Coup in Niger Casts Doubt on Key US Military Presence Against Sahel Militants

The coup in Niger has sparked worries about the viability of upholding the 1,100-member US military presence in the country, which has been recognized by experts and authorities as vital in combating Islamist militants in the Sahel region.

Coup in Niger Casts Doubt on Key US Military Presence 

Two anonymous U.S. officials have stated that the United States has not been approached with any demand to withdraw its troops from Niger and currently has no signs suggesting that such a request will be obligatory.

Considering the potential intervention by the West African regional bloc ECOWAS and the offer of assistance from Russia’s Wagner mercenary group to the coup organizers, both of which may endanger the security of U.S. military personnel, American strategists might need to envision a scenario where they lack a presence in a region of Africa grappling with insurgencies and where the United States competes with Russia and China for influence.

In the last ten years, American military personnel have provided training to the Nigerien armed forces in counterterrorism strategies and managed two military installations, with one of them dedicated to executing drone operations against the Islamic State and an Al Qaeda affiliate in the vicinity.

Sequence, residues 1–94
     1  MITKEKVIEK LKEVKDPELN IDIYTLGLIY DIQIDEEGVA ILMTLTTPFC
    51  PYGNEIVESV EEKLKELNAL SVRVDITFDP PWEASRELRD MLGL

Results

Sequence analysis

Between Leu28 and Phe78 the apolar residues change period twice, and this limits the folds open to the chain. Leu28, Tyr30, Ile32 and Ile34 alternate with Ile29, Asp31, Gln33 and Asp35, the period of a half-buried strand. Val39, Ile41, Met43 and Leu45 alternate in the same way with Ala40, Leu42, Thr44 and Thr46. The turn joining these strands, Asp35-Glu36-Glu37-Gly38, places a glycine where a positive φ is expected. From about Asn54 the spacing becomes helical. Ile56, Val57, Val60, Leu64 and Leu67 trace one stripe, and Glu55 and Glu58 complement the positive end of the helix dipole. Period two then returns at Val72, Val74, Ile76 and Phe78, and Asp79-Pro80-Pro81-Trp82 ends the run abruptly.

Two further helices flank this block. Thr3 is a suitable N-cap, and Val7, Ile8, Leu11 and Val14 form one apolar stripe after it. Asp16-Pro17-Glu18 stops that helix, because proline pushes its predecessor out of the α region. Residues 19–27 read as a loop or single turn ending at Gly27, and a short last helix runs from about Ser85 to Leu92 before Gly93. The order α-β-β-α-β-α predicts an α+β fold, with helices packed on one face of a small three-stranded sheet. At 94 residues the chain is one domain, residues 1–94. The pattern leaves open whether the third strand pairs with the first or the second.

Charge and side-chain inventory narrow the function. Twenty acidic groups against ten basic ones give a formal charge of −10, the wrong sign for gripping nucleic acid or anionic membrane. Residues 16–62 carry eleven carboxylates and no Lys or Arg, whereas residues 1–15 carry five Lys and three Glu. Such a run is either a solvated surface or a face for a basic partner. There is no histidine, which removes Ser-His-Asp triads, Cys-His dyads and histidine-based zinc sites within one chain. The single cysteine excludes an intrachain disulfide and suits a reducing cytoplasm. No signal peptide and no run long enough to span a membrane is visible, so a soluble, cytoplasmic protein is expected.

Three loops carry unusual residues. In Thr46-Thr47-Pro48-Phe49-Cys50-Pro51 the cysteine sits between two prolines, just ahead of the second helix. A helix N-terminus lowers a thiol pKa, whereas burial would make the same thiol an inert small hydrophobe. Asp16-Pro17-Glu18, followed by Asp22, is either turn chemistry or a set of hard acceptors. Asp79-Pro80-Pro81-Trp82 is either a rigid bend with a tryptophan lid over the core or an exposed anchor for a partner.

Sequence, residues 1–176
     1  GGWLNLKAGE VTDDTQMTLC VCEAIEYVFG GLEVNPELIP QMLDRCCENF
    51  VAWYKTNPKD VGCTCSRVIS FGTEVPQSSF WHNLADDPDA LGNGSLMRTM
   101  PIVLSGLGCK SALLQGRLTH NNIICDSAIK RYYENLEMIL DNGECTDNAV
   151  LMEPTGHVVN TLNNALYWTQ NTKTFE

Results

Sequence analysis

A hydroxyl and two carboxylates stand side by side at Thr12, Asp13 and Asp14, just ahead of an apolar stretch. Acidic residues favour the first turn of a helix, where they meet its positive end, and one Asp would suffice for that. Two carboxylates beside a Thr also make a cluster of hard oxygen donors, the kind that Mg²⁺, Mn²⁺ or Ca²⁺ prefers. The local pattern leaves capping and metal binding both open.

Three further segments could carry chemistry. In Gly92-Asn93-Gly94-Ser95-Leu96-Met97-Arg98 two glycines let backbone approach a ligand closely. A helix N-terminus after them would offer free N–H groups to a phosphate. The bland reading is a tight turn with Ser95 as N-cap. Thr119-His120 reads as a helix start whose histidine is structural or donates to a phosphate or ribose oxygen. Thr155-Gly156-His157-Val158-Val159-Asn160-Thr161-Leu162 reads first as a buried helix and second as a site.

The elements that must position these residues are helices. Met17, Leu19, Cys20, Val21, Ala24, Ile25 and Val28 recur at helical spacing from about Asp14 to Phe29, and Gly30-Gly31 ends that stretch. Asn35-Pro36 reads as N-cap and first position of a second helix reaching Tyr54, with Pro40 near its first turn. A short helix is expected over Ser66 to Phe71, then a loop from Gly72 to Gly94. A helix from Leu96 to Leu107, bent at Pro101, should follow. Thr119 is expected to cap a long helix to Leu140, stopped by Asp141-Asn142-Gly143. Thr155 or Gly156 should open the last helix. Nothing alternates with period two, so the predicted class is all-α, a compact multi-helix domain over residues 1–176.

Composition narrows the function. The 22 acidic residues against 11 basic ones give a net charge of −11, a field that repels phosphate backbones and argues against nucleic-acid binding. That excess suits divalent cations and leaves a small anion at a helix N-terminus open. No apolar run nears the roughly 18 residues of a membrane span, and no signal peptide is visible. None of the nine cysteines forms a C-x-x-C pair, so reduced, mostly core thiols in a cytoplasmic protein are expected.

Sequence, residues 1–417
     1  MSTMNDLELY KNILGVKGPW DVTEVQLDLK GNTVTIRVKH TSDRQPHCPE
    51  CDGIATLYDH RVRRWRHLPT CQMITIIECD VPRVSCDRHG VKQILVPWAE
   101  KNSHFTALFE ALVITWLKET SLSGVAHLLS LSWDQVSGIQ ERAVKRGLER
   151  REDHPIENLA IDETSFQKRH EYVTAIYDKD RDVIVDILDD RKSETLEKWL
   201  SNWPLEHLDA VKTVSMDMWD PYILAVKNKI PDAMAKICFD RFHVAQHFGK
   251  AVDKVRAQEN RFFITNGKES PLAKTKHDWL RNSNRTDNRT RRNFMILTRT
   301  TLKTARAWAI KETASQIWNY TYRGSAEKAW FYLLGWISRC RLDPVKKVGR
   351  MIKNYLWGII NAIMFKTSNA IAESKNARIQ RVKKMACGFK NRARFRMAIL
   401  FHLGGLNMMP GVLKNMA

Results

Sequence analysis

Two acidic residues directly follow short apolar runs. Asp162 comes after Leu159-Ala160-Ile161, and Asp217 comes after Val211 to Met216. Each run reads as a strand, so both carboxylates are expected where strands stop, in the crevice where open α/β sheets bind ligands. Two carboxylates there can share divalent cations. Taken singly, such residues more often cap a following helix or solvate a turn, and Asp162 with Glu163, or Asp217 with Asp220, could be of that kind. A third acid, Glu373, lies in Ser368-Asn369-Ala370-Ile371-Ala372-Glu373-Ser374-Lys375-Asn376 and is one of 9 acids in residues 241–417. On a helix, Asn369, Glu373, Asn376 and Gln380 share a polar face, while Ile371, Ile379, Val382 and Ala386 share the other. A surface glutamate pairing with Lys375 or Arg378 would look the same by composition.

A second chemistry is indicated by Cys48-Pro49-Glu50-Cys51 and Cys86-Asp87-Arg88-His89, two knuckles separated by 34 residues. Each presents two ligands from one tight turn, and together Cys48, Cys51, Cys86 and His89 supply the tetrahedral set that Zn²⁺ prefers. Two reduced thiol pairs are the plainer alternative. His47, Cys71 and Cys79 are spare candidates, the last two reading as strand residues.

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Coup in Niger Casts Doubt on Key US Military Presence – Photo by: (Anadolu Ajansi)

Revocation of Military Agreements with France

Following the removal of President Mohamed Bazoum from power on July 26 and his subsequent house arrest, the junta nullified military collaboration pacts with France, which maintains a contingent of approximately 1,000 to 1,500 troops within the nation.

The Biden administration has chosen not to formally designate the military takeover in the coup in Niger, a classification that might limit the scope of security assistance that the United States can offer to the country.

Nevertheless, in the previous week, the United States temporarily halted specific foreign aid initiatives for Niger and announced on Tuesday that this suspension encompasses financial support for international military education and training as well as initiatives aiding Niger’s counterterrorism capabilities.   If the coup in Niger leaders decide to ask the Wagner Group, an organization that the U.S. classifies as a transnational criminal organization, for assistance, this situation might become even more complicated. Yevgeny Prigozhin, the leader of Wagner Group, has expressed support for the coup in Niger and indicated his group’s readiness to restore stability.

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